Toyota will start building a safety system into some of its cars this year that monitors if a driver is clearly watching the road during situations when a crash may occur.
If not the system can automatically take countermeasures either to avoid a crash or lessen the impact.
The system is based around a camera that watches the driver's upper and lower eye lids to evaluate how attentive he or she is to the road ahead. It builds on a current system that measures the driver's head direction when driving.
The car's safety system continuously monitors the road ahead using a radar system, and if it determines a crash may be possible, it matches this with the driver evaluation gathered from the camera. If the driver doesn't appear to be paying attention it sounds a buzzer and warning light.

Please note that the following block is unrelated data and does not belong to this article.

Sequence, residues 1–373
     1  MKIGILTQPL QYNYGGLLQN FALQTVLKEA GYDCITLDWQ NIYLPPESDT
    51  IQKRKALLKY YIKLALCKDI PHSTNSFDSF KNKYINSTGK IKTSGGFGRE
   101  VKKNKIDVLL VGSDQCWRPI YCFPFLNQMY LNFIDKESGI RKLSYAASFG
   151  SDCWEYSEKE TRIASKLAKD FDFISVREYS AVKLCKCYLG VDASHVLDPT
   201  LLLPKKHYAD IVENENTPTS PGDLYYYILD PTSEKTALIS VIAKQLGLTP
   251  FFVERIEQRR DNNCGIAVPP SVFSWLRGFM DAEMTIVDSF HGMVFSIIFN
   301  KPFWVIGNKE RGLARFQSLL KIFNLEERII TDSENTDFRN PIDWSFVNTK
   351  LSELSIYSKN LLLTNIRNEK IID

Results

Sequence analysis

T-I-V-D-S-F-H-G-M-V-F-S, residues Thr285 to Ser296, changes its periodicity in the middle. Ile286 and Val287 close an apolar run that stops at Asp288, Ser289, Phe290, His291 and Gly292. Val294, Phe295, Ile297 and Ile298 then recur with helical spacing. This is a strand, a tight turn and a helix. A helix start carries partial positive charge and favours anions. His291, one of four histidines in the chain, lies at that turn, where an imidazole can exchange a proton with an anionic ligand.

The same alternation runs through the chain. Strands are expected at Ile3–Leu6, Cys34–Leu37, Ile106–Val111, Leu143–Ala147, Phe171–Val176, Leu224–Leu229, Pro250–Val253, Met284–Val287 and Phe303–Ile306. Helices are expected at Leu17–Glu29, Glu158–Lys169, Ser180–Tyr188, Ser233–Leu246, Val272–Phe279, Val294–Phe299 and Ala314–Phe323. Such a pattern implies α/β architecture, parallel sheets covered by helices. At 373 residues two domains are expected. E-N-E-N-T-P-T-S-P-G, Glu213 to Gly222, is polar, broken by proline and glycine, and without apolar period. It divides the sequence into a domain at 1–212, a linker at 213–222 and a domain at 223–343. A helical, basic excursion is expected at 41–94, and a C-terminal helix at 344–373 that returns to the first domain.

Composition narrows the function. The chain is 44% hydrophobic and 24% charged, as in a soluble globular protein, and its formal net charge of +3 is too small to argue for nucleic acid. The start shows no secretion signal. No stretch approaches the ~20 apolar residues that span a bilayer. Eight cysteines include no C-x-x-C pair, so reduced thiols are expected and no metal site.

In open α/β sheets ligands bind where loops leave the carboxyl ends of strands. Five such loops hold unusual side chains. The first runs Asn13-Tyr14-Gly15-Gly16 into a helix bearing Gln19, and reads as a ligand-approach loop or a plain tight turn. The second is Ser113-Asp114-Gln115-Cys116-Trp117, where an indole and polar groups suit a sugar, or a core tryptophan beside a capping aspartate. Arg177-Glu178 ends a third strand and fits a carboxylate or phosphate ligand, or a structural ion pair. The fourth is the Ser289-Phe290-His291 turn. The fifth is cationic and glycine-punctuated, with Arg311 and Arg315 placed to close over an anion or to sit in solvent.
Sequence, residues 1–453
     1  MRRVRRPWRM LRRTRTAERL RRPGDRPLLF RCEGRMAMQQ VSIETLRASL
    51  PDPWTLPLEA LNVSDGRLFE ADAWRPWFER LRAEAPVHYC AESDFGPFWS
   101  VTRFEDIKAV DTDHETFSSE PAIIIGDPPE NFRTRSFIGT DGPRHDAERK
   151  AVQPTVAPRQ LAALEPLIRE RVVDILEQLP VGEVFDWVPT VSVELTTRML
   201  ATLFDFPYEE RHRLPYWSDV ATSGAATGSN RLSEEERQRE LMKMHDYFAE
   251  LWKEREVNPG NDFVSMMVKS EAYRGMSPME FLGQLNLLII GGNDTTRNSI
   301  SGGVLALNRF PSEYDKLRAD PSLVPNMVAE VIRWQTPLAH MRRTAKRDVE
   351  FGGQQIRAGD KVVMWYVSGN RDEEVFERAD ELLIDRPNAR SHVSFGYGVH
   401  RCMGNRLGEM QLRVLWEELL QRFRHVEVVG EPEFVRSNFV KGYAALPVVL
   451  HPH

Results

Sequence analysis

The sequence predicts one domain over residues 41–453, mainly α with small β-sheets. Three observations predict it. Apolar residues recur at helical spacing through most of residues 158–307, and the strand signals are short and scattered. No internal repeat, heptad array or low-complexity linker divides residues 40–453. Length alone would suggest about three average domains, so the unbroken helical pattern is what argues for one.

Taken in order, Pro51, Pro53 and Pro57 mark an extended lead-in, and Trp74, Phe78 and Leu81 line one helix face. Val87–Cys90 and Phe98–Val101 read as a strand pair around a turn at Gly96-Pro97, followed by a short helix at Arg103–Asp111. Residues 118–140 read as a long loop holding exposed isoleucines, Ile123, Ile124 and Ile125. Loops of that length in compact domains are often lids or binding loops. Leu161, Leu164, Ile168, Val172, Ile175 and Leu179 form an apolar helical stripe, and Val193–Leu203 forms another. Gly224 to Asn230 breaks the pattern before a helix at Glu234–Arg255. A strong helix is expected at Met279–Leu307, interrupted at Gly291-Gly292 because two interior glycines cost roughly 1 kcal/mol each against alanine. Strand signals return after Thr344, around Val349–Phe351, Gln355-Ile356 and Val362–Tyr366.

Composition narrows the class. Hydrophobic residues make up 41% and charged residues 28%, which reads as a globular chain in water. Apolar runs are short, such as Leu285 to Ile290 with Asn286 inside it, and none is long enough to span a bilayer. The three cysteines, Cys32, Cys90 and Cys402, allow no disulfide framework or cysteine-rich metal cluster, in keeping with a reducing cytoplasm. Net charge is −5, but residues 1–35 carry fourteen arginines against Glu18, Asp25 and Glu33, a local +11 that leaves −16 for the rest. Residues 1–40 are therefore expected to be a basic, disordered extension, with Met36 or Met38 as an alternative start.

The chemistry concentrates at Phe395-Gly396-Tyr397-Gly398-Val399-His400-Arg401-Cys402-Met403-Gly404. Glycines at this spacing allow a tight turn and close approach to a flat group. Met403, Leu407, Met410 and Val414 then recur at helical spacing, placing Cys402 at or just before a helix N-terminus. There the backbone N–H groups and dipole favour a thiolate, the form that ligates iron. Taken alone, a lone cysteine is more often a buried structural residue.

If things progress and a crash becomes probable then it also tries to gain attention of the driver by quickly applying and releasing the brakes. At this point the car's pre-crash brake assist system is also readied. When a crash is judged to be unavoidable the safety system engages the brakes and seatbelts for the collision.
Toyota hasn't yet announced which vehicle will get the system first but it could appear as early as the next few months in Japan. Earlier models of the pre-crash assist system without the eye monitoring are already available in some high-end cars both in Japan and some overseas markets. There are no concrete plans to put this latest technology in vehicles outside of Japan.
Toyota isn't the only car maker working on a safety system that monitors the driver's eyes. Last year Nissan demonstrated a similar technology that watches the driver's eyes for signs of drowsiness and, if detected, tugs on the seatbelt to wake the driver and plays an audio prompt to take a rest. The Nissan system, which is still a prototype, works continuously and doesn't take into account the current driving conditions.